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Managing Water Across Boundaries

Mahmoud Mohieldin's picture
World Water Week 2013Most of the planet is covered in water, yet less than one percent of it is available for human use. Access to water and sanitation is a key component of the Millennium Development Goals (MDGs) and the emerging Post-2015 agenda. Water also directly contributes to goals of health, food security, biodiversity, energy, and peace and security.
 
Today at least 780 million people lack access to safe drinking water. Feeding a planet of nine billion people by 2050 will require approximately 50 percent more water in 2050.  These challenges are exacerbated by increasing scarcity of water, extreme weather due to climate change, and a rapidly growing population.
 
Responding to the global crisis in water requires a more deliberate approach to managing trans-boundary water. Forty percent of the world's population lives in international river basins, which account for 80% of global river flow.  Despite this and the proven benefits of cooperation, such as reduced chances of conflict, improved river sustainability, and access to external markets, 166 of the world’s 276 international basins have no treaty provisions covering them.  Moreover, many multilateral basins are subject to bilateral treaties that preclude participation by other riparian countries.

5 Reasons Why Just Building Toilets Won’t Improve Urban Sanitation

Peter Hawkins's picture
Also available in: Français | Español

It’s widely reported that most of the world’s population lives in urban areas. UN-Habitat estimates that 40% of urban dwellers live in slums, and that number is growing by more than 20 million people per year. Perhaps, less commonly reported is that while population is growing rapidly, urban sanitation coverage has only increased slightly.
 
While toilet access is generally higher in urban areas as compared to rural, sanitary conditions in urban areas are aggravated by high-density living, inadequate septage and solid waste management, and poor drainage. Recent analysis by WSP concludes that to make any significant impact it is essential to adopt a multi-dimensional approach to this complex problem. Here are five reasons why urban sanitation is about more than building a toilet.

Five Myths about the Business of Sanitation

Jemima Sy's picture

A recent study by the Water and Sanitation Program (WSP) and International Finance Corporation (IFC) of the World Bank surveyed over 100 firms providing on-site sanitation services to the base of the pyramid in four countries (Bangladesh, Indonesia, Peru and Tanzania) and debunked widely held beliefs on the motivations and potential of firms in the growing sanitation market.

Managing Water Use in Scarce Environments

Anders Berntell's picture

The growing gap between safe freshwater supply and water demand is forcing the world to tackle the issue from a new and more collaborative perspective. It calls for cooperation between the government to provide appropriate policies and regulations, the private sector to provide innovation and technology, and civil society to provide inputs from the users.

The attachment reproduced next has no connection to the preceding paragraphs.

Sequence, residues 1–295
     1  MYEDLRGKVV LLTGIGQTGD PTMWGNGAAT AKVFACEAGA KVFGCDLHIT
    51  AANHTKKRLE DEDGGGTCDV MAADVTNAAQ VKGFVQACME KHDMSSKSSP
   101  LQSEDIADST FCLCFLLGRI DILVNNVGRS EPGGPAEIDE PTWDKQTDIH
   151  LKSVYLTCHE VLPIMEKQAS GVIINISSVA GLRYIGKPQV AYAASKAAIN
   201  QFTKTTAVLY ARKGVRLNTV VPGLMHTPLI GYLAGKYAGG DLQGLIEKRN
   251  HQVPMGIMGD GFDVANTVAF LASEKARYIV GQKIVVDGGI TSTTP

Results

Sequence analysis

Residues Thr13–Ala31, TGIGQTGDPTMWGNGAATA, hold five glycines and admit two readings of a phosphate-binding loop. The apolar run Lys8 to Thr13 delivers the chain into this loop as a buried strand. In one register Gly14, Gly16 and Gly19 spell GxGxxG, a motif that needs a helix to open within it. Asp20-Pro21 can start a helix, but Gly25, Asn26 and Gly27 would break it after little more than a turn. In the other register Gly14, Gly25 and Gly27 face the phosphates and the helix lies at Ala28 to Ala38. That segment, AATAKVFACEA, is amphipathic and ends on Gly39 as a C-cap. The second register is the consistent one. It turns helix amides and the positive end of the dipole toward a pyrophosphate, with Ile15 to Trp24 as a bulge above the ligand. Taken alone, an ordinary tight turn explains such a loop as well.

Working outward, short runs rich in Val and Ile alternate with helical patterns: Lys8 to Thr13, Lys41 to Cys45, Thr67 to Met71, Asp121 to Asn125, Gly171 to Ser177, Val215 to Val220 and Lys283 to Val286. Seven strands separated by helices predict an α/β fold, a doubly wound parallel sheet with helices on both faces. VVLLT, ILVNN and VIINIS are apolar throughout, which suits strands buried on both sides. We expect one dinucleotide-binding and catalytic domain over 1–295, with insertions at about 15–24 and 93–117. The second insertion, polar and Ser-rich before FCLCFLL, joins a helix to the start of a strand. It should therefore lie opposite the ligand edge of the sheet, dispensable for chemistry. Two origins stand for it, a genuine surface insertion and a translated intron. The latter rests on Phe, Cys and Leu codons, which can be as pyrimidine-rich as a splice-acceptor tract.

Q&A: Engaging with Citizens in India for Improved Water Services

Vandana Bhatnagar's picture

Is there a model to track citizen experience of water services and present it in a ready-to-use manner for decision makers and the public? Would better articulation of citizen preferences encourage more meaningful engagement with service providers? 

3 Innovative Ways to Manage Rural Water Supply

Meleesa Naughton's picture
With 70% of the world's extreme poor living in rural areas, and improved water access still lacking for close to 768 million people around the world, investing in safe and sustainable drinking water for rural populations is important to our goal of eradicating extreme poverty within our generation.

When compared to urban water supply, rural areas present a different set of challenges:

Often, the cost per capita of constructing water systems is higher in rural than in urban areas, due to a smaller population which is scattered over a large area. This, in turn, leads to high operating costs, to be recovered by fewer users.

Most importantly, there may not always be an obvious institution to take the responsibility of managing and operating the system after construction. This institutional vacuum leads to poor collection of water fees, and ultimately to poor operation and maintenance of the rural water systems.

Pourquoi une hausse globale de 4 °C ne provoquera pas qu’une seule crise de l’eau

Julia Bucknall's picture
Also available in: English
On parle beaucoup de « crise de l’eau », au singulier. Mais pour nous qui travaillons sur ces questions, les crises de l’eau sont  multiples, et elles s’aggravent à mesure que le mercure monte pour dépasser le niveau des températures préindustrielles de 2, voire 4° C.

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